• "The Lance Armstrong of soccer governance"? FIFA president Sepp Blatter. (Getty)
Arguably the two most important people in the history of the two most global sports were complete unknowns till recently, writes Anthony Tan.
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29 May 2015 - 5:06 PM  UPDATED 30 May 2015 - 2:22 AM

God bless America.

"Sepp Blatter is the Lance Armstrong of soccer governance," Andy Spalding, a law professor at the University of Richmond, Virginia who also teaches at the Anti-Corruption Academy in Vienna, Austria, told USA Today.

"While everyone around him is mired in corruption scandals, he stands atop the stinking heap claiming to smell like roses."

Isn't it a touch ironic that the biggest corruption bust in the history of sport, not to mention the October 2012 exposé that detailed "the most sophisticated, professionalised and successful doping program that sport has ever seen" - two sports with established European roots - has been led by a nation with virtually no allegiance to either code?

For the U.S. Postal Service Pro Cycling Team, it was first the Food and Drug Administration (FDA) and when they mysteriously shelved their 18-month investigation, the U.S. Anti-Doping Agency (USADA) took the baton and ran with it - all the way to the line. This time, it's the Department of Justice (DOJ), working in hand with the FBI (Federal Bureau of Investigation), that as of Wednesday this week has seen a 47-count racketeering, conspiracy and corruption indictment of 14 people including nine former FIFA officials or associated with governing bodies.

"FIFA - including the IOC and UCI - is among some sixty sporting federations based in Switzerland that are exempt from the nation's anti-corruption laws."

It seems in both the cases of FIFA and U.S. Postal Service, there was no one in Europe with the will - or balls - to fight it.

I've spent the past month travelling in the United States, from California to New York to Ohio to Illinois to Missouri to Kansas to Oklahoma to Texas and towns and cities in between, large and small. I'm still here, in fact. One thing I can tell you is that professional cycling or football (that being soccer) is rarely talked about in bars, restaurants, buses, taxis, trains or trams across this country of 320 million people, and when it is, it's unusual.

Perhaps it's a good thing, not being beholden to either aforementioned sporting code the way Europe so clearly is. Because what the U.S. Postal and FIFA scandals appear to have demonstrated is that countries which do embrace professional cycling and football find themselves in thrall to their international governing bodies - and particulary the latter, where 90 percent of FIFA's US$5.72 billion revenue from 2011-14 was derived from the sale of TV and marketing rights for the men's World Cup to its 209 member associations.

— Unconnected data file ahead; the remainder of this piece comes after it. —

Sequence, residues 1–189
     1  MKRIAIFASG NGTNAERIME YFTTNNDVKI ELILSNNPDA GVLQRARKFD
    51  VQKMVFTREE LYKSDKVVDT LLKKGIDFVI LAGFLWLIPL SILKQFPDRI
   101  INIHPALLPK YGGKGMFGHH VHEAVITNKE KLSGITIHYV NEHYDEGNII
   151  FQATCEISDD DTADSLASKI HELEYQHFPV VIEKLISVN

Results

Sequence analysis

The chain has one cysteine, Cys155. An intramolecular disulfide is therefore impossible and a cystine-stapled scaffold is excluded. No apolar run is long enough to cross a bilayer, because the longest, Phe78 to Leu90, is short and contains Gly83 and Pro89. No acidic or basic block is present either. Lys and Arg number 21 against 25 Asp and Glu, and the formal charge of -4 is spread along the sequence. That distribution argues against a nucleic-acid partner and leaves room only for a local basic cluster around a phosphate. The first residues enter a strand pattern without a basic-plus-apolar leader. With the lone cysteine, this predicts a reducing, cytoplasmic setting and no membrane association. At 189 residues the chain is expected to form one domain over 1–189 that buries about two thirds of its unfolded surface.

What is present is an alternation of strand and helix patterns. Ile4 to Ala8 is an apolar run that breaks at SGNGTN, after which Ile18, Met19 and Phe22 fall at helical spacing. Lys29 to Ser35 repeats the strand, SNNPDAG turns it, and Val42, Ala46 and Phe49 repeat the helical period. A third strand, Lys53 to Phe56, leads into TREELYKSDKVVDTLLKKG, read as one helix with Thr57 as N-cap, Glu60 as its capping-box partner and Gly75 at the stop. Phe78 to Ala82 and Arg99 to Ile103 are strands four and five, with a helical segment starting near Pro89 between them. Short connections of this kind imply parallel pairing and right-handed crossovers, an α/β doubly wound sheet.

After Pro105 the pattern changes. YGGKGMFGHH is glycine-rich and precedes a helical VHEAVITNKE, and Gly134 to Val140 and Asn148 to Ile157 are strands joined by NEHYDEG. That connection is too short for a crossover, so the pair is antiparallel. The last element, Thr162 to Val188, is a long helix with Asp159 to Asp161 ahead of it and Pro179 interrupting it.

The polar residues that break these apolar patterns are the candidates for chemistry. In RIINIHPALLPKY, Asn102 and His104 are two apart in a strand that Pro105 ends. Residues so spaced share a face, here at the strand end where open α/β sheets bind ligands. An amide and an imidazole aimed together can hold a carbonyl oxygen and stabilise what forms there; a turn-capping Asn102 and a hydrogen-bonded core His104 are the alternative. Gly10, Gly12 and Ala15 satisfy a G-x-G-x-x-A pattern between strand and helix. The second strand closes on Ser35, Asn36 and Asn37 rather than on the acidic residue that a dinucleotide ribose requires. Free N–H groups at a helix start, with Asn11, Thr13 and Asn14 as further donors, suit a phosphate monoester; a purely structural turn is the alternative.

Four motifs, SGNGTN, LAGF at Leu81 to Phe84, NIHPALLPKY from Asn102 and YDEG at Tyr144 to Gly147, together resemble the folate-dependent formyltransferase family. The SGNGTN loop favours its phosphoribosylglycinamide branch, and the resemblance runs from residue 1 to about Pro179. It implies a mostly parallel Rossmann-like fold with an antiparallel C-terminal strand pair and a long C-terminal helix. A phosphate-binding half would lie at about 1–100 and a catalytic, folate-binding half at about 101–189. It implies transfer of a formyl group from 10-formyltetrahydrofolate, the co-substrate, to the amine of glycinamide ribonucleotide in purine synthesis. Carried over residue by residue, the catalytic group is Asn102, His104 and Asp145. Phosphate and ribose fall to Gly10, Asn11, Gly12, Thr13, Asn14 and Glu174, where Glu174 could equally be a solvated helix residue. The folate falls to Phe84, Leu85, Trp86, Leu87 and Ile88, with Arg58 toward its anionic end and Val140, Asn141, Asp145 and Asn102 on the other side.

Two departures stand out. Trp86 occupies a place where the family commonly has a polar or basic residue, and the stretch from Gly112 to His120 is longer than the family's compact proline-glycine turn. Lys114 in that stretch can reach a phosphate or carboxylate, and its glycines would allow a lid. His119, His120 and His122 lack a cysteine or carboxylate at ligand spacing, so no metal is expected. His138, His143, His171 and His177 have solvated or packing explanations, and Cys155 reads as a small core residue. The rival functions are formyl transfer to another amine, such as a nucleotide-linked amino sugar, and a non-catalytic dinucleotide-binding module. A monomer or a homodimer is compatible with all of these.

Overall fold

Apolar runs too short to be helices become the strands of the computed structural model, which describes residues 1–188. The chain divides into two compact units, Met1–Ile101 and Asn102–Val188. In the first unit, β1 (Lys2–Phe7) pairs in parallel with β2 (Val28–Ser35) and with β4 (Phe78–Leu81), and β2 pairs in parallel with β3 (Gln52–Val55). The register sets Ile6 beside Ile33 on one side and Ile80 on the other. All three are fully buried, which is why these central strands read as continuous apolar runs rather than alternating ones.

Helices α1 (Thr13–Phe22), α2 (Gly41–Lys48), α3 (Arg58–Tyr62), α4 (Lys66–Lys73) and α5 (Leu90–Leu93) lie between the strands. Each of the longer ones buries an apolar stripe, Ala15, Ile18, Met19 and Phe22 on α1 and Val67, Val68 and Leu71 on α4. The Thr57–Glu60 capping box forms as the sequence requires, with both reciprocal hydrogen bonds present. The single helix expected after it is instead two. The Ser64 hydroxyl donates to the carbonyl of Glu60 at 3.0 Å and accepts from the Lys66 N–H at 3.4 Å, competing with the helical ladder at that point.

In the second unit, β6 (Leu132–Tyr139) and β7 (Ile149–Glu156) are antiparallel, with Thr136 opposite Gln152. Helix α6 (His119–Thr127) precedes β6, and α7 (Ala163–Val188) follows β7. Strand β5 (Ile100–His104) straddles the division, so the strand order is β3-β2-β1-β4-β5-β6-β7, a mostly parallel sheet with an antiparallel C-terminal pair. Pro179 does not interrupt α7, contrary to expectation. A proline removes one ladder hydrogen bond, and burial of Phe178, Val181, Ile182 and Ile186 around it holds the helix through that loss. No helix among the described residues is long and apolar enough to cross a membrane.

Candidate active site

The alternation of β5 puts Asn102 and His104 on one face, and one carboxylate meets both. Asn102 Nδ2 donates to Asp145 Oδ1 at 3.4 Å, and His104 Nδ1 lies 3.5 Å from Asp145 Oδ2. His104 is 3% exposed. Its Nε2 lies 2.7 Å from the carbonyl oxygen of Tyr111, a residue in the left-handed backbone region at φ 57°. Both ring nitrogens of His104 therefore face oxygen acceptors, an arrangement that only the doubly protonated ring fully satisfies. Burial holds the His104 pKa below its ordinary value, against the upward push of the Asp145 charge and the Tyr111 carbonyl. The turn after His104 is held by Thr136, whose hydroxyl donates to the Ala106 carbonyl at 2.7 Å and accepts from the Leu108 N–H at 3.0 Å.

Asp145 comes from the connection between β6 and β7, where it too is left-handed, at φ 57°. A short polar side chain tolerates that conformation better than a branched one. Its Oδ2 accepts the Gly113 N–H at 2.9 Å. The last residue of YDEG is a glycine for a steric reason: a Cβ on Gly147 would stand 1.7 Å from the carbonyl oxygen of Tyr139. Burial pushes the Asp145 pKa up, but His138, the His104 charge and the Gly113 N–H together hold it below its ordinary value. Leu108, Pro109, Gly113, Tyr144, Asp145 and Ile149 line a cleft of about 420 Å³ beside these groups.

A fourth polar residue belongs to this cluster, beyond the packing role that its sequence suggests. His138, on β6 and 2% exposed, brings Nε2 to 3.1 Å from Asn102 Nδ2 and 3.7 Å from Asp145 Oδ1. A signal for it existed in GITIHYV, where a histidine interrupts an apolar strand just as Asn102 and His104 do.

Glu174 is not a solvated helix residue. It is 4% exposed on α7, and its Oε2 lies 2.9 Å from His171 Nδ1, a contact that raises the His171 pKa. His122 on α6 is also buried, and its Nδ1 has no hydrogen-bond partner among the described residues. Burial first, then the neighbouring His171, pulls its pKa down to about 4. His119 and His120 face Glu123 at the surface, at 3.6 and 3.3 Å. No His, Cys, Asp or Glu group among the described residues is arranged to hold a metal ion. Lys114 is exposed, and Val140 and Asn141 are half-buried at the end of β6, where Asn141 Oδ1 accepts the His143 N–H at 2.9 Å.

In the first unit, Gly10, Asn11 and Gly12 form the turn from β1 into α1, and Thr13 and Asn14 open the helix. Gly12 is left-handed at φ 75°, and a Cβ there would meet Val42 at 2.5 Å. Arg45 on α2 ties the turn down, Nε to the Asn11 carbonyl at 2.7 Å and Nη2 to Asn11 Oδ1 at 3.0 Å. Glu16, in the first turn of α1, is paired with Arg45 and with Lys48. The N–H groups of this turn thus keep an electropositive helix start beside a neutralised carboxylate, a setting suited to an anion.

In America, ask Joe Average who Blatter or Brian Cookson is and they wouldn't have a bloody clue.

But USADA CEO Travis Tygart knows. And so does U.S. attorney general Loretta Lynch, the lady spearheading the FIFA investigation - which must rile Blatter no end, given his much-publicised sexist commentary (women's soccer would gain popularity if the players wore tighter shorts, he once suggested) and ideas since his appointment as president in 1998, including FIFA's refusal to install real grass in the stadiums for next month's Women's World Cup in Canada.

It's worth noting that FIFA - including the IOC and UCI - is among some sixty sporting federations based in Switzerland that are exempt from the nation's anti-corruption laws. By virtue of being classed as "associations", they effectively govern themselves and their activties, and are under no obligation to make their financial accounts public. If passed, however, new legislation, to be debated in Swiss parliament next week, will allow top-ranking executives of these so called associations, in the event of a charge of corruption or other crimes, to be designated as "politically exposed persons", and thus grant local authorities greater control over their practices and conduct.

"The beautiful game was hijacked," FBI Director James Comey told a news conference Wednesday. "That field that is so famously flat was tilted... in favour of those seeking to profit."

Comey added: "Undisclosed and illegal payments, kickbacks and bribes became a way of doing business at FIFA."

Blatter, meanwhile, has not been charged and is claiming innocence (Sargeant Schultz: "I know nuh-fink!"), apparently saying he had no knowledge of almost 25 years' corporate malfeseance - amounting to US$150 million in bribes and kickbacks - within the organisation he has been a part of since 1975, when he joined its marketing department. Augmenting the calamity was the knee-jerk announcement - on the same day the DOJ released its findings - that Friday's presidential election was to go ahead, with the incumbent expected to be unchallenged and win a fifth term.

Also ruled out was any reconsideration, review, or revote of the host nations for the 2018 and 2022 World Cups, being Russia and Qatar, respectively, despite the Lynch-led probe calling the legitimacy of both into question.

And you thought cycling was a basketcase.